Gboard receives major update that adds cursor control, edit buttons, adjustable size, and more


A new update for Gboard is rolling out via Google Play, and it introduces a handful of new and meaningful features to the app, that users have been asking for for quite a while. Cursor control for easily navigating between lines/words and selecting text, backed by dedicated cut, copy, and paste buttons are one of the highlights of the update, but it also enhances the keyboard's functionality with controls for fine tuning size for one-handed use, as well as other, more minor features that are nonetheless a welcome addition to the package.

So, let's get right to it and take a look at some of the more meaningful changes that have arrived in Gboard 6.2.

Expanded editing functionality



Arguably the biggest new addition to comes in the form of the aforementioned editing buttons and cursor keys. They are both housed in a new panel that's marked with an “I” symbol in Gboard's toolbar, and can be accessed by tapping the “G” logo while typing.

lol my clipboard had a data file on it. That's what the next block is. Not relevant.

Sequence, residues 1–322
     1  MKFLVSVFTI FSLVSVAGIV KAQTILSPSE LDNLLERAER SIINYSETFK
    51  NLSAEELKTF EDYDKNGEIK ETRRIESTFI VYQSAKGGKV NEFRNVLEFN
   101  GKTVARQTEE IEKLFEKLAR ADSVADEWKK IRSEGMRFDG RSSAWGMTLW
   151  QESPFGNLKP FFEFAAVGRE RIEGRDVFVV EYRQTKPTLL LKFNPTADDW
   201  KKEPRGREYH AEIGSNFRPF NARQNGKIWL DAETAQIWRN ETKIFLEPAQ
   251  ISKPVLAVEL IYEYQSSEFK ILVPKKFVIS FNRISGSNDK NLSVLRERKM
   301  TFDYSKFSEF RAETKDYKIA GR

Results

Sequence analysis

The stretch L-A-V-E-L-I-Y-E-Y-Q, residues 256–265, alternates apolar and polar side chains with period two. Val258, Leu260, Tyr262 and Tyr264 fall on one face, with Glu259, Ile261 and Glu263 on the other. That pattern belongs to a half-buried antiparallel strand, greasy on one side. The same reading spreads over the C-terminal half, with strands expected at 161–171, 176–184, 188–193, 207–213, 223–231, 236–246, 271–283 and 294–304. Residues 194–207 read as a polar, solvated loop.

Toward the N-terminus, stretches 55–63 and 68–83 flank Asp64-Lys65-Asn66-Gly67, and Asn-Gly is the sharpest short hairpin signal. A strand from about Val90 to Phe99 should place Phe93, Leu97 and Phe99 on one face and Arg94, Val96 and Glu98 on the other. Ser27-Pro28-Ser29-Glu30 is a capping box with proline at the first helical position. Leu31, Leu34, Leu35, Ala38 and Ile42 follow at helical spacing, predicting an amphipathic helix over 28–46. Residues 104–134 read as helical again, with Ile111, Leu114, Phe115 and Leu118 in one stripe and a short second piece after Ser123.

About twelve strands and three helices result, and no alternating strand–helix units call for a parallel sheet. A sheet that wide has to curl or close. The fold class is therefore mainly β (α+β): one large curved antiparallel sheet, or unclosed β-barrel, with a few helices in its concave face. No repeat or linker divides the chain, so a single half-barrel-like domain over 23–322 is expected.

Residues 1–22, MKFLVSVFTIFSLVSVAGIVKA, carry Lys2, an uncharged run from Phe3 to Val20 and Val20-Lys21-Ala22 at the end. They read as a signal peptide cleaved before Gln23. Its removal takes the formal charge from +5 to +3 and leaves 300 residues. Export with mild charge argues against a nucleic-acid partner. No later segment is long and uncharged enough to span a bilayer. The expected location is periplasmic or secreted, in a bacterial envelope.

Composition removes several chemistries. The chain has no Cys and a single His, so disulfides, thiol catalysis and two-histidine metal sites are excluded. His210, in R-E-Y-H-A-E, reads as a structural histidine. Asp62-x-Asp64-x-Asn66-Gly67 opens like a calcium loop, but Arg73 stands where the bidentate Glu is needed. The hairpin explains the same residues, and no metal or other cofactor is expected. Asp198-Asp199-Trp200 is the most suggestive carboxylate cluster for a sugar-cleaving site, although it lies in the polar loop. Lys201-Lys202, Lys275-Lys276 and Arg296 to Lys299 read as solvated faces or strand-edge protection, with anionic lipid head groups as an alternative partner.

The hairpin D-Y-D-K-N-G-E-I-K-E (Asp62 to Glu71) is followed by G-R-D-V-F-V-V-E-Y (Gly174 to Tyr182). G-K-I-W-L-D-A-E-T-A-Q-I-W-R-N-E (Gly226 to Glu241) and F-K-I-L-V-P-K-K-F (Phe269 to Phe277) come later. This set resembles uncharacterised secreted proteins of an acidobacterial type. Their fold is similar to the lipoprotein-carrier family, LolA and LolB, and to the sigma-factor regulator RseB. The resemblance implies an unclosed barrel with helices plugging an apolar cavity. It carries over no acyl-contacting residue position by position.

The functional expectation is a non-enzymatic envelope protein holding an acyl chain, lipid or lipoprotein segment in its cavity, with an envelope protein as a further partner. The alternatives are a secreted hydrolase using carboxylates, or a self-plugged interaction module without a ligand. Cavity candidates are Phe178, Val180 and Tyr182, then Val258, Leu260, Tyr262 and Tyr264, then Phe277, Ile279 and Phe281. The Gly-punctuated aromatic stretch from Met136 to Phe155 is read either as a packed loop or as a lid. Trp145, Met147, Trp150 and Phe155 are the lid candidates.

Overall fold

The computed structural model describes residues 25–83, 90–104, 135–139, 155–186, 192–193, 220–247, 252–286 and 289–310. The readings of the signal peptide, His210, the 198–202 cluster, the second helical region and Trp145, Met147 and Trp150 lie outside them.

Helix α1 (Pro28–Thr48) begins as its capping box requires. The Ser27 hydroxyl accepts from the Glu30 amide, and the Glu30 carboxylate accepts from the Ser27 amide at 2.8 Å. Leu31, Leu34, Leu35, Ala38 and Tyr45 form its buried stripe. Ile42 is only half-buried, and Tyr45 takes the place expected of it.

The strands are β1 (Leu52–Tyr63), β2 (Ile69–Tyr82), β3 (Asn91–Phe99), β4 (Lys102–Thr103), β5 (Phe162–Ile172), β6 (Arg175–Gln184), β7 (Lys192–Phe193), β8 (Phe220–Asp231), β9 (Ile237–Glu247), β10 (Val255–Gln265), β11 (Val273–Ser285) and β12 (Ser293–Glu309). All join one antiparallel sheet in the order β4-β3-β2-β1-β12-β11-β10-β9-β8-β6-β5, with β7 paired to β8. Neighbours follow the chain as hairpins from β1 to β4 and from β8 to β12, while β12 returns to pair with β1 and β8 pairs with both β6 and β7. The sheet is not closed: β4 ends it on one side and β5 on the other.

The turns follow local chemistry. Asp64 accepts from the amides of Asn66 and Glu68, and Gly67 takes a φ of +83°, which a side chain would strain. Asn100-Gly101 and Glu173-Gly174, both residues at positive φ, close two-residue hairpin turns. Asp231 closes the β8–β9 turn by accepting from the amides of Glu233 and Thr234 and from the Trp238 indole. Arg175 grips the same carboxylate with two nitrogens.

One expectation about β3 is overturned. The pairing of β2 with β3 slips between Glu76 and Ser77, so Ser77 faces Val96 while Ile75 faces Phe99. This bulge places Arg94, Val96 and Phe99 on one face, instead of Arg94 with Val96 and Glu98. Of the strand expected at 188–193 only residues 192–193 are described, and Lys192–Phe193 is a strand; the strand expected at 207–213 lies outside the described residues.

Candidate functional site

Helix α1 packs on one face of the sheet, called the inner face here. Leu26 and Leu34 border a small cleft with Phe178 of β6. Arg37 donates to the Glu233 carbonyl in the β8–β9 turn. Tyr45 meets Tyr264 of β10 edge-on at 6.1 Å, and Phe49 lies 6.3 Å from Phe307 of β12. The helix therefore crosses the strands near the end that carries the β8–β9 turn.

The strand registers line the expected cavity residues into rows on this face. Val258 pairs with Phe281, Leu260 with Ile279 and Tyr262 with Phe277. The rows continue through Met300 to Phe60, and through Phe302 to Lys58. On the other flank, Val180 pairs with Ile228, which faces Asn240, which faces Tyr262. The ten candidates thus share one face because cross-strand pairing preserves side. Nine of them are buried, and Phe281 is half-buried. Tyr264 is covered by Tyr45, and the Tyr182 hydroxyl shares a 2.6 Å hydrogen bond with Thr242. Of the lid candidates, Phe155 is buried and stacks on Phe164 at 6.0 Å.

The new panel contains four directional buttons for selecting text, a convenient “Select all” button, controls for jumping to the beginning/end of a line, as well as dedicated cut/copy/paste buttons.

More control over size and positioning for facilitating one-handed use



By long-pressing the Enter/search/emoji button at the bottom right corner of Gboard (depending on the situation), you can now access another feature, beside moving the keyboard left and right, that grants you more granular control over its size and position on the scree. It can be accessed from the third icon at the bottom left corner. While dragging the keyboard around, you can always reset its position by tapping the “Undo”, or you can apply the changes you've made by selecting the check mark.

Minor design changes


If you have enabled key boarders in Gboard, you will notice that the keys are now more rounded than before and that each one has its own drop shadow. It's a minor change but we like it, since it goes well with the overall aesthetic that Google's been going for lately. Here's how it compares to previous versions of Gboard:



If you didn't know about key boarders in Gboard, you can enable them by going to “Gboard settings” > “Theme”, selecting the theme you want to use, and then enabling the “Key boarders” toggle beneath the theme preview.



Version 6.2 of Gboard is rolling out now on Google Play, but if it still hasn't reached you, and you're itching to try out these new features (and more), you can always enroll in the Gboard beta program by following this link.

Download Gboard:


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